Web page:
Yesterday, yet again, we filed an emergency application for the release of two clients who had been held in detention illegally in Ħal Far & Safi Barracks for over 40 days. The Court of Magistrates, during yesterday’s sitting, ordered the immediate release of Awais Mohammed and Hasan Ali, after hearing the arguments put forward by both parties and ruling that indeed the detention was not based on any ground at law and was thus illegal. This was yet another successful habeas corpus filed by aditus foundation for illegally-detained persons.
It was clear that there was “confusion” as to the entity under whose orders they were actually being detained and on what grounds. The following transpired from the Court sitting:
- The Agency for the Welfare of Asylum-Seekers (AWAS) informed the Court that, just one hour before the sitting, Immigration Police had informed them that the men were “liberati” (released) yet pending awaiting clearance by the health authorities before they could be placed in open accommodation. No information was available as to the date from which the men were considered to have been “liberati“.
- The Detention Services also received the same information from Immigration Police. They further clarified that the Detention Services do not have the power to detain or release people. The DS explained that they detain people that the Immigration Police orders them to detain, confirming that detained persons are generally given a Detention Order explaining the reasons in fact and in law for their detention. When asked by our lawyer whether they were aware whether the two applicants were in fact given this important document, or whether this document is actually in the file at the Detention Services office, no clear information could be provided.
- The representative of the Department of Public Health stated that medical testing for the two applicants had been delayed, as they had not been immediately detained with the other people who had arrived on the same boat. However, the representative further noted that the two were in fact medically clear, presenting correspondence between the health and police authorities. The Department of Public Health confirmed to the Court that the men’s medical clearance had only been given on the day of the sitting.
- An officer from the Immigration Police stated that then men had been informed of the reasons of their detention. He could not confirm whether the Detention Order had been provided since the responsible Inspector was on leave on the day of the sitting. The Immigration Police underline that, from their perspective, the men were detained on medical grounds since they were awaiting to be medically cleared.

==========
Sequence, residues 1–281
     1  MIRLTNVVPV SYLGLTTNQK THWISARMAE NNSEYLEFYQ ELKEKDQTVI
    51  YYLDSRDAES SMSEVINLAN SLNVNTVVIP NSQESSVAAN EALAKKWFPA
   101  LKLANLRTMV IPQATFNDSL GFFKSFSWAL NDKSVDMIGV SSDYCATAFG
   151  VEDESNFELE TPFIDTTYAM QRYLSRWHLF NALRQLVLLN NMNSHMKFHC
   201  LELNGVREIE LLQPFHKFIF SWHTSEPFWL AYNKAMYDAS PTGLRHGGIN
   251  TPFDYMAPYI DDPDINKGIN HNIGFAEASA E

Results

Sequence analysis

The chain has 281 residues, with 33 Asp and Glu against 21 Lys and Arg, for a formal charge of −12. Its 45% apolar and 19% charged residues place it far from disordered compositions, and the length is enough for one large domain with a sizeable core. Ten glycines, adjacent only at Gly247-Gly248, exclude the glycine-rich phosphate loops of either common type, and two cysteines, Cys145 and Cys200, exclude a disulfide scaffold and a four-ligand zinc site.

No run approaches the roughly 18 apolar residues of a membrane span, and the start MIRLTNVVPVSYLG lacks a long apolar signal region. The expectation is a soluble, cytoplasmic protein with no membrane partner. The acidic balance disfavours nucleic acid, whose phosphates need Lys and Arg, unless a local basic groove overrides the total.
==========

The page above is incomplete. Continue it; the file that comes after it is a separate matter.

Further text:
- Our lawyers noted that the applicants had never received information as to why they were being detained, neither orally nor verbally. They insisted that the Detention Order was never given to the applicants, noting that the Immigration Police failed to produced any evidence (e.g. a signed receipt) that this document was explained and shared with the two men.
- Furthermore, our lawyers noted that had the detention been ordered on the basis of a Detention Order, then this would have triggered the automatic review of such detention by the Immigration Appeals Board within a week of the start of detention. Since this review never happened, it is highly probable that the Detention Order was, in fact, ever provided.
- Neil and Mireille stressed to the Court that Maltese law does not permit the Police to detain asylum-seekers on medical grounds. Although there might be an assumption that the intention behind this detention is to safeguard public health, the law simply does not allow this.
After considering all the above, the Court declared the detention of the men to have not been based on any legal disposition and ordered their immediate release.
The Court of Magistrates has time and again confirmed the illegality of such actions and has previously raised concerns that large numbers of individuals were being detained without a legal basis in a democratic society based on the rule of law.
The Court’s decision may be downloaded here (.pdf).